When filmmaker Christine Turner got a call from the Los Angeles County Museum of Art (LACMA) if she would be willing to make a film about painters Kehinde Wiley and Amy Sherald, she didn’t hesitate to say yes. She had followed the work of both artists for several years and once even saw Sherald’s work in New York when she was nine months pregnant. And she knew the only way to show Wiley and Sherald in their full glory was to “show them the same deference, dignity and respect” that they show their own babysitters. The end product “Paint & Pitchfork” examines the unfinished legacies of two black cultural icons and how they attempt to correct the social and cultural lack of “as” by inserting themselves, their subjects, and their people into the art historical record, Wiley says in the film : “People who happen to look like me.”
Wiley speaks of growing up in South Central Los Angeles as a time when his artistry blossomed and his family ties deepened, even in the face of poverty. In the documentary, photos from those years appear on screen, accompanied by the instruments fueling the jazz soundtrack: drumbeats introduce an image of a young Wiley with a head of Basque hair; The metal bars of a vibraphone give way to the artist as an adult, photographed amidst a sea of smiling family members, all dressed in colorful robes and tightly embracing. Turner shows the lush and intricate backgrounds of Wiley’s large-scale paintings before zooming in on the precise details: his palette, his brushstrokes, the areas of the canvas he meticulously colors. Wiley explains his intense devotion to seventeenth-, eighteenth- and nineteenth-century masters such as Diego Velázquez and Francisco Goya, and to contemporary masters of more figurative art, including Charles White and Kerry James Marshall; Partly because of this mix of influences, Wiley decided his style would be very regal – and very black. “I would look at that,” he says, referring to great European portraits, “and I would empathize.”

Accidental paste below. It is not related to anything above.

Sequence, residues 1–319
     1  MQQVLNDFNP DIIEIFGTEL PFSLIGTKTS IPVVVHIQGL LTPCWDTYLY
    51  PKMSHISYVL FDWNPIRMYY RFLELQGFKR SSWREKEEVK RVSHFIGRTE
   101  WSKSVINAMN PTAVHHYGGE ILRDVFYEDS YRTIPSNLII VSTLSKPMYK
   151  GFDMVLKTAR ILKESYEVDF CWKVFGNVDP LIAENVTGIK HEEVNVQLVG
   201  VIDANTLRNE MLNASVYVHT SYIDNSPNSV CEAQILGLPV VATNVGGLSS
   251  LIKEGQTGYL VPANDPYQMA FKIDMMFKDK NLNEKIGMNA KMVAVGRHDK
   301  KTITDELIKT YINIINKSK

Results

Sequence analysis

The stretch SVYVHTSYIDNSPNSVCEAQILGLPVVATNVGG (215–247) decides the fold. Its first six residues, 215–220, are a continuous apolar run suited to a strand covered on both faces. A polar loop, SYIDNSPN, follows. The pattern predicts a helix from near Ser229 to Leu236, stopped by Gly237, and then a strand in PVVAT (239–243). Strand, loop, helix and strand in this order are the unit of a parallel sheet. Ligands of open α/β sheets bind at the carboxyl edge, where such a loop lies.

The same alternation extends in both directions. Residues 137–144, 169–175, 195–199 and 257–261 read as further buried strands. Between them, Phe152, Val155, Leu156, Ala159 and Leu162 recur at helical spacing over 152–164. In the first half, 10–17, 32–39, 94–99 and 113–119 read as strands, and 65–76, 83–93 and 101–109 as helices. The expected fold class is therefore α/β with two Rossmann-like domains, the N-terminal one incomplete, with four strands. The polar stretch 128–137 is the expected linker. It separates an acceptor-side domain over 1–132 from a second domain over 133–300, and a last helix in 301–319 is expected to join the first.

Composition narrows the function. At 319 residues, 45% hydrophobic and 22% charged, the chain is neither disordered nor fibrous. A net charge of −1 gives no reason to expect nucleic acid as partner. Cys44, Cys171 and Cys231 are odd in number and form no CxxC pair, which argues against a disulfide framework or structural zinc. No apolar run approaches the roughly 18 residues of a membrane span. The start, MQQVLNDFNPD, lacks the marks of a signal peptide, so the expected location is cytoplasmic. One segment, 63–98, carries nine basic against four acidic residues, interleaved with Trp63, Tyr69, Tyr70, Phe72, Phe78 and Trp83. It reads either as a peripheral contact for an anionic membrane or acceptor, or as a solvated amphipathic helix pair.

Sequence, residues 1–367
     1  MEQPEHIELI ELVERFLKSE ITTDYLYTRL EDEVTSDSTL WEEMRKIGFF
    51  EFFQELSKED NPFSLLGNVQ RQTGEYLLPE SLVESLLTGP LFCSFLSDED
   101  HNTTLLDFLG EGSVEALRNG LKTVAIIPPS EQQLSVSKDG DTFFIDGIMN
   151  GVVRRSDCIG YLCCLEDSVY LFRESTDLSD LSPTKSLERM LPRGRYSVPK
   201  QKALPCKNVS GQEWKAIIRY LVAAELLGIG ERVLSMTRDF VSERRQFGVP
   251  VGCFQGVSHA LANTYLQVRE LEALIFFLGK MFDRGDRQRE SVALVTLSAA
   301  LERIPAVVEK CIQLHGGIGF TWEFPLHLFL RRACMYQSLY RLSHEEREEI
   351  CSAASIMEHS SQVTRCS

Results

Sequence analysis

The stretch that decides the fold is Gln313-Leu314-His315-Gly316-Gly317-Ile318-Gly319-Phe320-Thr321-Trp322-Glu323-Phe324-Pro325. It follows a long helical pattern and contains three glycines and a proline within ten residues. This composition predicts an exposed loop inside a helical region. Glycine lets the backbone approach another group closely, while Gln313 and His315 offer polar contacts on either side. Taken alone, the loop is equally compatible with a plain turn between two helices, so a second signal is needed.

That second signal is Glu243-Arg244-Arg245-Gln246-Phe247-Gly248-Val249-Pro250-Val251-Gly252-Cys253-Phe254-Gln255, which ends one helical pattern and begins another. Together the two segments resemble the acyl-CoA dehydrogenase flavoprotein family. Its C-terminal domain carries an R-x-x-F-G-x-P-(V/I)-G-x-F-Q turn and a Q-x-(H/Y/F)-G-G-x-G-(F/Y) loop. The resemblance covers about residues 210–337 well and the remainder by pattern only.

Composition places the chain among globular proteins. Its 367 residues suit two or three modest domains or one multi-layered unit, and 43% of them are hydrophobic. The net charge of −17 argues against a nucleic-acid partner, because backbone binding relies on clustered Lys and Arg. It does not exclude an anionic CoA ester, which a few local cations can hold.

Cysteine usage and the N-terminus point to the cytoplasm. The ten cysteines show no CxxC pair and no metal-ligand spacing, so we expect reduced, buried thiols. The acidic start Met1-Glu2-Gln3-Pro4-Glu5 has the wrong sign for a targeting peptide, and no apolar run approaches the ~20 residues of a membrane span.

The film then turns to Sherald, who appears in jeans from head to toe, her collar popping open and brushing her corkscrew curls. With roots in the American South, she explains how the conservatism of her hometown of Columbus, Georgia became a model for what she should not emulate in her life and art. Horns trill through a sequence of Sherald’s childhood photos, and we see that the striking color schemes of her art are reflected in her clothes – as if that’s when she’d started to develop her style. “I drew a picture where I found this young woman living outside the drawer. I realized this is the kind of person I’m looking for,” says Sherald. “These are the people who need to be represented in art history and stand on the walls of institutions. These are the people who need to look at something and find their humanity in it, because sometimes it’s impossible to find it anywhere else.”
The artists’ timelines converged when they received life-changing commissions from the National Portrait Gallery to immortalize the Obamas. Wiley’s work tends to frame black men with metaphorical flowers and other patterns. In his portrait of Barack Obama, Wiley added botanical depictions of the former president’s past, including flowers from Hawaii, Illinois and Kenya, emerging from their green curtains to embrace the stoic sitter. Sherald’s portrait of Michelle Obama is typical of the artist’s color-blocking style, which emphasizes the former first lady’s stately pose.
Both portraits are reminiscent of their subjects, although the artists aim to do no more than they would for any other black person they portray. What unites their work is that it is a direct address to a void of representation – they use their medium to say “yes” to black humanity when history says “no”. “The question I was often asked was, ‘Are you ever going to paint anyone other than black?’ My answer is ‘No, I won’t,'” says Sherald. “I’m here to paint my own ideal and represent it in the world, and if I can’t do that then something is deeply wrong.” then see anyway if you want to ask me that question, because the problem is that you recognize an absence of yourself, but you don’t recognize the absence of me.”